When it so happens—more regularly now than before but never yet regular enough—that a cheap zinc or bronze cast of some semi-famous slaver is yanked from its pedestal in the middle of a city night, or when a suburban school board in broad daylight votes to no longer compel students to adorn their bodies with the name and imagery of a particular child trafficker, invariably there rises the cry:

“You’re erasing history! You’re censoring our Confederate past! You’re rewriting collective memory to sanitize it!”

This, of course, is worse than nonsense and akin to defending the maintenance of NAMBLA-installed plaques to Jerry Sandusky. It should be regarded as such whether it’s an argument being made by angry, open bigots in Facebook comment sections or under the auspices of the National Review.

But some worthy portions of our history have indeed been buried, erased, and minimized. Harvard’s Anna-Lisa Cox’s latest book The Bone and Sinew of the Land is an example of what it actually looks like when that sort of history is excavated for a popular audience, and what a positive effect that can have.

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BOOK REVIEW: The real “Good News About Bad Behavior” is that the kids are already alright

Journalist Katherine Reynolds Lewis’s inaugural book, The Good News About Behavior grew out of a 2015 article for Mother Jones called “What If Everything You Knew About Disciplining Kids Was Wrong?“. The promotional material claims it was the most read story the magazine had ever published; The Seattle TimesClaudia Rowe relates that it got more than 4 million hits.

That’s a good clue you ought to get to work writing a book for someone to sell.

Which Lewis did. This book, subtitled “Why Kids Are Less Disclipined Than Ever—And What To Do About It” or in some editions, “Am I So Out of Touch? No, It’s The Children Who Are Wrong” might be the most important book ever written considering what we’re up against with Kids These Days.

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BOOK REVIEW: ‘No Ashes in the Fire’ by Darnell L. Moore burns bright and goes out too soon

It’s a rare thing for a book to conclude and your biggest complaint be that there quite wasn’t enough of it. Yet, that’s what Darnell L. Moore accomplished with his memoir No Ashes in the Fire.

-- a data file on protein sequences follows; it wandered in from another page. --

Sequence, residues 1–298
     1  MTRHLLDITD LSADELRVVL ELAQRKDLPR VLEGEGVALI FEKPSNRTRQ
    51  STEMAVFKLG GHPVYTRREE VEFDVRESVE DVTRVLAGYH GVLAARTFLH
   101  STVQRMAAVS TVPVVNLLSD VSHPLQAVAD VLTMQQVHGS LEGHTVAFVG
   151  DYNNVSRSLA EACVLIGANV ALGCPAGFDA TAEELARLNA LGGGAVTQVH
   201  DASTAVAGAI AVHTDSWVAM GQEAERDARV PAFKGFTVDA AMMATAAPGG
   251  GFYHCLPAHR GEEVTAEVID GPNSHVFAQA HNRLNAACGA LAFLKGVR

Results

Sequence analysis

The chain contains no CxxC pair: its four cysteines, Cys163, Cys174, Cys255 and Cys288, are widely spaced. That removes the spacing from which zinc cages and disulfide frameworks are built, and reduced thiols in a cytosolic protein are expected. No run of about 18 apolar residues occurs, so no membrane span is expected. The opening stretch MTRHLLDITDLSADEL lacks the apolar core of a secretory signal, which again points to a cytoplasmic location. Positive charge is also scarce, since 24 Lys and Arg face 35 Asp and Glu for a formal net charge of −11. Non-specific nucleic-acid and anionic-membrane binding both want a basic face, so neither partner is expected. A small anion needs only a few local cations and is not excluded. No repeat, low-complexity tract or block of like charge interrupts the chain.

It’s an impressive work of introspection, family heritage, and the intersectionality of race, sexuality, gender, and even faith, all the more so because it’s done in beautiful prose.

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BOOK REVIEW: Barbara Ehrenreich is old enough to die, but still has plenty to say

In Gulliver’s Travels, the titular character visits many strange, foreign lands in the service of satirist Jonathan Swift’s desire to poke fun at the flaws of the culture of his time and to talk regularly about human excretions.

Adaptations, especially those aimed at children, tend to only reproduce the book’s evocative imagery of being a giant among the tiny Lilliputians and being doll-sized among the towering Brobdingnagians. They leave out the scenes of defecating enough to fill a miniature church or being forced to watch colossal serving girls urinate. Laputa, the floating island of scientific wonder, sometimes appears in other contexts such as Japanese animated film, but without the associations of trying to turn digested food back into something edible. The humanoid primitives, Yahoos, survived into common parlance better than the rational, equine Houyhnhnms, but without the association of feces-flinging.

One brief, excreta-free section from Gulliver’s Travels is not among those often reproduced whatsoever: Gulliver meeting the immortal struldbrug. These are a special breed of human who are able to live essentially forever but without eternal youth. Their teeth fall out, their eyesight and hearing fail, their memories dull, they aren’t allowed autonomy or property ownership, and eventually can’t communicate even with each other because their dialects grow indistinguishable. The people of the land of Luggnagg are thankful for death because they’re constantly reminded of what the real alternative is.

I’m not the first to point out the similarity of modern medicine in creating cursed immortality as a reality for us, but our appreciation for the inevitability and even relief of death continues to lag behind for most.

Barbara Ehrenreich is definitely not counted among such people, and her latest book Natural Causes is a short, solid piece of prose about what it means to suffer from age, accepting the reality of death, and the sorts of things a person ought to consider when weighing both.